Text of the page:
Can You Spot the Bias in These Popular Survey Questions?

One of the biggest pitfalls in survey design is the inclusion of biased questions. When your survey is biased, the data you gather will be flawed and nearly useless, meaning that you've wasted your time and money.

Bias can extend beyond the way a question is written. It can also be found in formatting, word choice, scales, question ordering, and question type.

Here are just a few examples of surveys that contain bias. Keep in mind, these are actual real-world survey questions from large, multi-national corporations representing a variety of industries. Let's see if you can spot the bias!
 
1. How satisfied are you with the quality of the final product?
Very Satisfied    Satisfied    Neutral    Dissatisfied    Very Dissatisfied
 
Did you spot the bias? By using a bold font for the "Very Satisfied" response, it immediately creates a bias. The eye automatically focuses on the bold text and makes the respondent more likely to choose that answer.

2. What best describes you? (Please select one only.)
A. I like to cook, but need quick, easy recipes.
B. Cooking is my passion and I love to experiment.
 
This one is easier. Not everyone likes to cook. There need to be more options for the respondent including "I don't like to cook."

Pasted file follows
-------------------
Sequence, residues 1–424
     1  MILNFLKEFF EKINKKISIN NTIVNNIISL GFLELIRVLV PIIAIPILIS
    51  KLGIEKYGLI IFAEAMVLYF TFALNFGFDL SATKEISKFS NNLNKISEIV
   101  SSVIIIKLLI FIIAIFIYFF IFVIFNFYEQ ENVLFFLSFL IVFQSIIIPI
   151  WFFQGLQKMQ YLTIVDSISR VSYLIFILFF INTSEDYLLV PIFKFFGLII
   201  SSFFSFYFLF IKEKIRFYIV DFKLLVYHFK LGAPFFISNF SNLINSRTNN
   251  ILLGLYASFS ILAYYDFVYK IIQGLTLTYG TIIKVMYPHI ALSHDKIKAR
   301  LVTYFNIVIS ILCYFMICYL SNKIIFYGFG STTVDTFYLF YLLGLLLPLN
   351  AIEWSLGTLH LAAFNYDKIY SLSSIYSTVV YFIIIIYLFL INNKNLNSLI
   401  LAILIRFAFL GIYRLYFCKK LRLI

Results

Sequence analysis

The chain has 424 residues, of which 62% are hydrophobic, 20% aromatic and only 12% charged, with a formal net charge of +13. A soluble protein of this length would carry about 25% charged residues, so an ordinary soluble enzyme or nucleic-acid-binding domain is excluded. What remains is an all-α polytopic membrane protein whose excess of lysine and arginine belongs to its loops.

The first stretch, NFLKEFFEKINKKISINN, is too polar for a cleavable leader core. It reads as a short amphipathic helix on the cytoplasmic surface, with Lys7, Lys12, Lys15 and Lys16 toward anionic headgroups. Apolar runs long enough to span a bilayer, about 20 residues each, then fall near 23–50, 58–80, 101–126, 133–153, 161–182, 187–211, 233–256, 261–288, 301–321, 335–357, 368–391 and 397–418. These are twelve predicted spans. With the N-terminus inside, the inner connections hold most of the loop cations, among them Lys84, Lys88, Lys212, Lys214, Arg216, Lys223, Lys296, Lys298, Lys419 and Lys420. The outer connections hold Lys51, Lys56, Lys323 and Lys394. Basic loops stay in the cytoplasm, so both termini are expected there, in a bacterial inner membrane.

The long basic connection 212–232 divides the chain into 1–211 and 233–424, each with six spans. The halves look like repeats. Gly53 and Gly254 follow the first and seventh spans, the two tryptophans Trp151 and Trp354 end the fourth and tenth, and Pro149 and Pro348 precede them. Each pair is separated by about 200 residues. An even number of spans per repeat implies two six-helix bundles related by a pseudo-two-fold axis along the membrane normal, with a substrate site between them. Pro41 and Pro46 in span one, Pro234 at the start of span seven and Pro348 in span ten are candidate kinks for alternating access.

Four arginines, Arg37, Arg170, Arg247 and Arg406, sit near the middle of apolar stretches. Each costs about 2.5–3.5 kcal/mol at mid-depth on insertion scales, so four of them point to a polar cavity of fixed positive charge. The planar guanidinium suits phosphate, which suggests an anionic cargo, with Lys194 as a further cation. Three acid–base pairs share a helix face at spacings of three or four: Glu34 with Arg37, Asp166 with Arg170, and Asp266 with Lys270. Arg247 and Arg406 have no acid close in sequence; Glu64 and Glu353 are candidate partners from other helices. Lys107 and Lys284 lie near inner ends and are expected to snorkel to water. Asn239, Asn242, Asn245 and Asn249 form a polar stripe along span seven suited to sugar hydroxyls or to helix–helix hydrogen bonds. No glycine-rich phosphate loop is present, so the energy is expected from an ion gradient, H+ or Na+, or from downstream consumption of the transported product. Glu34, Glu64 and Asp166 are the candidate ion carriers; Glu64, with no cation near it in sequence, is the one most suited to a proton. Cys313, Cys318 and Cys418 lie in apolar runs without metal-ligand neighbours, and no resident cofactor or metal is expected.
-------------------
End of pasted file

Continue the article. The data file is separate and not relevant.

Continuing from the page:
3. Credit union hours are conducive to conducting your business?
Excellent        Good       Fair        Poor

This question assumes that the hours of the credit union are conducive. A better question would be: "How would you rate the credit union's hours of operation?"

4. And here are a few more statements describing (Company Name).
Empowers my workforce to be more collaborative         
Offers solutions to improve productivity  
Is a company that delivers on its promises
Enables my business to be more agile

Strongly Agree      Somewhat Agree     Neither Agree Nor Disagree  

Somewhat Disagree     Strongly Disagree

In this case these questions make another assumption, that the person taking the survey has a favorable attitude towards the company and has enough familiarity to rate it.

And my personal favorite (not so much biased, but just plain odd):
 
Have you been on an underwater submarine tour in the past 12 months?                 YES                 NO
 
Survey bias can sneak in when you least expect it. If you design a survey on your own you may be inserting bias without even knowing it. Remaining neutral may be difficult or even impossible. That's where an outside expert comes in. If you want to ensure that your survey isn't biased, contact us today and we'll help make your marketing project a success.

If you'd like your survey to be unbiased, contact us now.

Debra Power

Power Marketing Research, 804 Phoenix Drive, Ann Arbor, MI, 48108